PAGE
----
Before’s injury, the Phoenix Suns’ usual starting lineup of Nash-Dudley-Hill-Frye-Gortat spent 745 minutes together on the floor (second in the NBA to Indiana’s starting five) and was better than any unit that played at least 300 minutes together (18 such lineups).
By beating their opponents by 12.6 points per 100 possessions, according to NBA.com’s advanced stats tool, the Suns’ starters were better than powerhouse lineups from teams such as Miami, Oklahoma City, the Lakers and the Clippers.
But as has been the case quite often in the past week without Hill, the Suns’ bench shined whereas the starters just didn’t get the job done tonight in a 104-93 loss to Memphis.
“I think it’s very similar to what happened in Denver,” Suns head coach Alvin Gentry told reporters. “We’ve got to do a better job finishing games, especially on the road. We play hard and we put ourselves in a position to have an opportunity to win a game, and you just have to finish it.”
As was the case in Denver when the Suns’ reserves made a fourth-quarter run to put Phoenix on top before the starters suffered through three scoreless minutes to close out the game, the reserves propelled the Suns on top with a 14-1 run that ended three minutes into the fourth with Phoenix taking a rare lead.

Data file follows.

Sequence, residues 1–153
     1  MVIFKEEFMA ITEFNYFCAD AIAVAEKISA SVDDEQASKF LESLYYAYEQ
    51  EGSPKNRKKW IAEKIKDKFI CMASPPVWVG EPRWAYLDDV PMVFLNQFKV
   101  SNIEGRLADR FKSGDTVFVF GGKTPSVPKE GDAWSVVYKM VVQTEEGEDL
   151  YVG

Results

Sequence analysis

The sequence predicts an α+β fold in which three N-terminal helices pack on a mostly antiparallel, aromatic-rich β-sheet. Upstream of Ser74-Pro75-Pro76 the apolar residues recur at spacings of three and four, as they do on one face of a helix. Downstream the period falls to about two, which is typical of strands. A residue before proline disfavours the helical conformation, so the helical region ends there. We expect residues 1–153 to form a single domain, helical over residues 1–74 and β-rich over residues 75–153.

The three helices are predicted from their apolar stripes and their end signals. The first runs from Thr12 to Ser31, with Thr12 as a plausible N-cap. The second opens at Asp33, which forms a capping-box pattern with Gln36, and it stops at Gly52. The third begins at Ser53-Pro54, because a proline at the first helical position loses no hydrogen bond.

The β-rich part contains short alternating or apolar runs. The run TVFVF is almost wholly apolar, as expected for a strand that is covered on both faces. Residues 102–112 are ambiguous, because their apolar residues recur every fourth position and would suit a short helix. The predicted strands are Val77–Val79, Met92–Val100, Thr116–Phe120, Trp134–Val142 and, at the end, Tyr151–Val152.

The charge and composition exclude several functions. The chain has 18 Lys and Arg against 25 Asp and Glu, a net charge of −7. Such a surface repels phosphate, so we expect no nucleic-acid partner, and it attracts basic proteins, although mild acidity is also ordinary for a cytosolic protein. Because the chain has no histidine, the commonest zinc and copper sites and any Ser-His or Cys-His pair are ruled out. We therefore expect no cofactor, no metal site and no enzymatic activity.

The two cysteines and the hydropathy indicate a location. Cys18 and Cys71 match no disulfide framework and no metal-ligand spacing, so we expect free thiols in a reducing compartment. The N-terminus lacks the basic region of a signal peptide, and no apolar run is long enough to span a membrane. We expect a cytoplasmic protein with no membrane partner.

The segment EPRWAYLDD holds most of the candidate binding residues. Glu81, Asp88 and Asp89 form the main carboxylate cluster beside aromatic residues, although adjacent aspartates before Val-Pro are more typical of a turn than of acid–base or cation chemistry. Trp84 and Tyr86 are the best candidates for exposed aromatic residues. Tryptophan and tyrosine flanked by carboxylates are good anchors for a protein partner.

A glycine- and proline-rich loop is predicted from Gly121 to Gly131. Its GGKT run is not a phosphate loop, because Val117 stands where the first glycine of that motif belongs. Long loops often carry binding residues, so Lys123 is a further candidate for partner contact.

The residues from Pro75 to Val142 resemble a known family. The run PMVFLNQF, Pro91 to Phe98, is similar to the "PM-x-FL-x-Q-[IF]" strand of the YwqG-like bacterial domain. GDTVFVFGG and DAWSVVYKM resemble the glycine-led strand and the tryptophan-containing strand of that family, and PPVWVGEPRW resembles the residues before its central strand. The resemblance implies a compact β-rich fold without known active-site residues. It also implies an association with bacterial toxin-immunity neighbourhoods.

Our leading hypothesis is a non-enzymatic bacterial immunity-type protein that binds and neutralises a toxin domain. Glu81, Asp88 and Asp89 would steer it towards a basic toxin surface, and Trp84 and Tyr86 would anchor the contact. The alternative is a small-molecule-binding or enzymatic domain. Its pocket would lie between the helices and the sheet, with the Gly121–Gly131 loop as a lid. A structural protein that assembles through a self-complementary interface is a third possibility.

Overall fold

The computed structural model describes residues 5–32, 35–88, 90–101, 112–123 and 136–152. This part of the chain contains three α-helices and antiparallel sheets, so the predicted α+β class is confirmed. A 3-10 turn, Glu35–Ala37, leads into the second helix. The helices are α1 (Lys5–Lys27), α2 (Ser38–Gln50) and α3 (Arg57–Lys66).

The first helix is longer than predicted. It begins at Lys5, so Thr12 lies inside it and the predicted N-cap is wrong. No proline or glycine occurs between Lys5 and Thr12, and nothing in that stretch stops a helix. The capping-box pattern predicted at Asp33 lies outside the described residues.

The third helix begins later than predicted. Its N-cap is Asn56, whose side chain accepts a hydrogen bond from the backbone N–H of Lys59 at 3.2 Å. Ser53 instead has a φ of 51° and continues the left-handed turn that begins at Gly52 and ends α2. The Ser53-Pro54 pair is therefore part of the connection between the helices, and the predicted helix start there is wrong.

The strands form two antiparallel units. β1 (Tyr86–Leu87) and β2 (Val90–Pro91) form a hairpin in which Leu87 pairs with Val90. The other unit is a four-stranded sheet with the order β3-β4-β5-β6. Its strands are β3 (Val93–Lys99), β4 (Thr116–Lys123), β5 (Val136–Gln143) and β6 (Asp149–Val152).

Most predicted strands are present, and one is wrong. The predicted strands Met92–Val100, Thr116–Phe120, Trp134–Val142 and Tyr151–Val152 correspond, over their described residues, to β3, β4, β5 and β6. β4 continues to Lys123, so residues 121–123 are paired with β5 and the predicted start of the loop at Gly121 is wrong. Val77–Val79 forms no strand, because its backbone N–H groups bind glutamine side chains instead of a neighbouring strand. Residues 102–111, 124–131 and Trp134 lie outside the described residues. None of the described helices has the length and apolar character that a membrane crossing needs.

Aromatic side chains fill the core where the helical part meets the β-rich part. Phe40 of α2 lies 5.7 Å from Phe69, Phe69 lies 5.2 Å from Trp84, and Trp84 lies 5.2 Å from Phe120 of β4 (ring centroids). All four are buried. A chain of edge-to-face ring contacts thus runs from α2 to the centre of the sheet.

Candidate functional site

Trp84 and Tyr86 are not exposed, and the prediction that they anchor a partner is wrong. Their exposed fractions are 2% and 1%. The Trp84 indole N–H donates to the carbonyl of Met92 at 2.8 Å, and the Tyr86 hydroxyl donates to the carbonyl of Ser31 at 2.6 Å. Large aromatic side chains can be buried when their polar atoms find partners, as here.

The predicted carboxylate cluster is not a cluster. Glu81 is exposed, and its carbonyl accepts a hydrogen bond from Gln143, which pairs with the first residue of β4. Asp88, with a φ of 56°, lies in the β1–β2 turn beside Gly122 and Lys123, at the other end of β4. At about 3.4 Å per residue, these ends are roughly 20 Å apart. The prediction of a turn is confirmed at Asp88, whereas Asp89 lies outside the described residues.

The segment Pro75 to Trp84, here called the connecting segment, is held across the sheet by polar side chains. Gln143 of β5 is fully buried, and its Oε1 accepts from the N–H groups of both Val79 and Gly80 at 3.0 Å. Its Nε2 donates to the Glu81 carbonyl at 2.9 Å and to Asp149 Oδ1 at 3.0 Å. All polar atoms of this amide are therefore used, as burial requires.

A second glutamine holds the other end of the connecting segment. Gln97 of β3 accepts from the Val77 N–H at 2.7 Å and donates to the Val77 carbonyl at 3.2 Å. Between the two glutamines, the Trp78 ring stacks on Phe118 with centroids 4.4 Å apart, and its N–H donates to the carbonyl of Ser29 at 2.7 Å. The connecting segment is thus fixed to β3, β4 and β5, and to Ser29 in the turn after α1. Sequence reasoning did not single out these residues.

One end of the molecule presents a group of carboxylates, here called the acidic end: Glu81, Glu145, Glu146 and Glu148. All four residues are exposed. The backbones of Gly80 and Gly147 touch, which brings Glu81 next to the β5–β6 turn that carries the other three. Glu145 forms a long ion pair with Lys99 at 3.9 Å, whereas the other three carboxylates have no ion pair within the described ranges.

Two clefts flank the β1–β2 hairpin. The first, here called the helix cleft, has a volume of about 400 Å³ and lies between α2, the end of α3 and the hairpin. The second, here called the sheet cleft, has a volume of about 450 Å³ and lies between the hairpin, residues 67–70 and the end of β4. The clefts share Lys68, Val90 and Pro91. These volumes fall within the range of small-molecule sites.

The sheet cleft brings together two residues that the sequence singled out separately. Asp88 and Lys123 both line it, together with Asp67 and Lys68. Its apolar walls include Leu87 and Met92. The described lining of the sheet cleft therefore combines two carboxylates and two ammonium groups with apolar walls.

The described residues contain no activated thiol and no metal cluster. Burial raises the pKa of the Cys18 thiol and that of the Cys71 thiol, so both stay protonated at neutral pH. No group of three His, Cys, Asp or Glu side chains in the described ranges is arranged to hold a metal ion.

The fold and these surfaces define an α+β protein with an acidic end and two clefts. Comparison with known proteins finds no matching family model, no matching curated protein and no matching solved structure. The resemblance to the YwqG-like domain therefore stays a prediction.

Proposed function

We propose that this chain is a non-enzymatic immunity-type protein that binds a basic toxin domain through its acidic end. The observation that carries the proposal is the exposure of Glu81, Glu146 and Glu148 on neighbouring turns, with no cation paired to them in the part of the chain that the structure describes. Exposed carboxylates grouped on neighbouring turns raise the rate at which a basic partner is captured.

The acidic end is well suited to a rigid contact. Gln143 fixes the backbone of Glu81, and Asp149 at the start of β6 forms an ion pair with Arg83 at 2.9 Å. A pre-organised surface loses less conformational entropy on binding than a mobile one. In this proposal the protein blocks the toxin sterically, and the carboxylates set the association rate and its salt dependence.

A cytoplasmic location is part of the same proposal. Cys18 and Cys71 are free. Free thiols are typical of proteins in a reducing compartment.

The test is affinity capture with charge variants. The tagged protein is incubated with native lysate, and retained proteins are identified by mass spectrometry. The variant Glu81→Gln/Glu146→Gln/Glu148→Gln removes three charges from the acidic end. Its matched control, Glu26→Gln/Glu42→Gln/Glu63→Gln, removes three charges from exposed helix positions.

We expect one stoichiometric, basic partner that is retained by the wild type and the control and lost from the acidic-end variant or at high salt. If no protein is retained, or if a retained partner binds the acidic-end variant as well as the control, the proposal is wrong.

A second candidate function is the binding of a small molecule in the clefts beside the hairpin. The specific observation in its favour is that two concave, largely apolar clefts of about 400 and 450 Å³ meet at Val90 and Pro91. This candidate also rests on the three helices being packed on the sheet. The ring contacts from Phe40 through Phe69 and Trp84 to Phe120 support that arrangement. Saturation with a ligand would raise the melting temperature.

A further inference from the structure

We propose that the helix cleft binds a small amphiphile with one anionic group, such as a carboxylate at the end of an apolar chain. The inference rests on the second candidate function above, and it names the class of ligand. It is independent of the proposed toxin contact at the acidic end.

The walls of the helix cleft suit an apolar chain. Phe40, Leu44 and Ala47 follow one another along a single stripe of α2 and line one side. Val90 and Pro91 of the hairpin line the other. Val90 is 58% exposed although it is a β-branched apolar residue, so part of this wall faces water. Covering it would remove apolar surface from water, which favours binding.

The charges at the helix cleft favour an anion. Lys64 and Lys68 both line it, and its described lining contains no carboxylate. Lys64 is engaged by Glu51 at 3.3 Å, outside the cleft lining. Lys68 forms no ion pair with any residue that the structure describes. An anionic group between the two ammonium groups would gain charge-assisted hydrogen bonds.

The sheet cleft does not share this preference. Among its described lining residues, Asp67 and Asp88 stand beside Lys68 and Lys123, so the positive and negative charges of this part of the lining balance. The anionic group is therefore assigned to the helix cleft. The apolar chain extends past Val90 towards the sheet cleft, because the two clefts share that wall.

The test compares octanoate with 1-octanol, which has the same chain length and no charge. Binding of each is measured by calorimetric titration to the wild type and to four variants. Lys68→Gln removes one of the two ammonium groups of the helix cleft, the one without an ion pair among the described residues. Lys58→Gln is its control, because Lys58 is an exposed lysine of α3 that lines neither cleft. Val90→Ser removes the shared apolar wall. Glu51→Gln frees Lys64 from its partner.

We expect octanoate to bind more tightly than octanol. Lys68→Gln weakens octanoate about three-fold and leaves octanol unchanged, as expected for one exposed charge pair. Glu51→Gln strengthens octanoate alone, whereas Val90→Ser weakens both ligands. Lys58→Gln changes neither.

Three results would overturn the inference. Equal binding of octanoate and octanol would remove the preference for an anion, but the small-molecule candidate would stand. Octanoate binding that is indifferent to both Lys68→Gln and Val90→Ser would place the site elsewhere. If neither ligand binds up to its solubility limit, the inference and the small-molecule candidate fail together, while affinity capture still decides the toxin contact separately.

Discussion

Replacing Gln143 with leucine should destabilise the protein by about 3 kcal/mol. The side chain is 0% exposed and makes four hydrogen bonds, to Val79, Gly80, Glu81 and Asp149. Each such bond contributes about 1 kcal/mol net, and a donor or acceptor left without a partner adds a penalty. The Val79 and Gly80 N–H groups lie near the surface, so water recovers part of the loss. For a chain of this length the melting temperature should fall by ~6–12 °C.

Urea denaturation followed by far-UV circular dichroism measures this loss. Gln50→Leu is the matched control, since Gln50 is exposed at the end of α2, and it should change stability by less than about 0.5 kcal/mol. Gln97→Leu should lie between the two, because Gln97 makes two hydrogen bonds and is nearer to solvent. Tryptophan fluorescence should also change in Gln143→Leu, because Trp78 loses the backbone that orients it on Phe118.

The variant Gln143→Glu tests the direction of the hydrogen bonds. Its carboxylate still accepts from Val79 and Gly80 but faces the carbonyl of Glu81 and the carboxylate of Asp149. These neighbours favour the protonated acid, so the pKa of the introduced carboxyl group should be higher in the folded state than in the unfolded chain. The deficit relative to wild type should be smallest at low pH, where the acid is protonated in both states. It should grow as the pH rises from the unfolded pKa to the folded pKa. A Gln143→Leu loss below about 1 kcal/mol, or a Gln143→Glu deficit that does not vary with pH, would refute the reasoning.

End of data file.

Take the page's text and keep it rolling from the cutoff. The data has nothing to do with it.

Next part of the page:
However, it did not last long because when Gentry brought three starters back (Nash, Gortat and Brown) three minutes later with the Suns down two they never got any closer.
Memphis promptly reeled off a 13-4 run (the first two points came against the bench) and with just two minutes remaining this game was over.
It surely sounds counterintuitive to playand over Nash and Gortat, but the bench found a rhythm that the starters could never capture.
In that way this game also resembled the Utah victory in that each and every starter finished in the negatives of plus/minus and all the reserves were in the positives. Particularly glaring is the fact that Nash was a team-worst minus 21 and Gortat minus 20 whereas Telfair was a team-high plus 10 and Lopez was plus 9.
Obviously that makes this an outlier game for Nash since he annually ranks among the league leaders in this department, but it just goes to show this wasn’t his finest game. It’s hard to fault Gentry for going back to Nash in crunch time based on what he’s done over the course of these past eight seasons, but Telfair was the better point guard tonight as in just 13 minutes he racked up seven points, eight assists and four boards along with a steal and a block.
As the Wins Produced stat would tell you, Telfair was abysmal in the first half of the season with a -0.157 WP48 mark that was worst on the team by a long shot and the kind of number that would say Bassy doesn’t belong in the league. But the second half has been a different story as his 0.124 WP48 means he’s playing above average basketball and in April his 0.333 WP48 is slightly better than Nash’s number and puts him an elite category for these seven games at least (small sample size, I know, just saying it’s been a good month for the Suns’ backup point guard).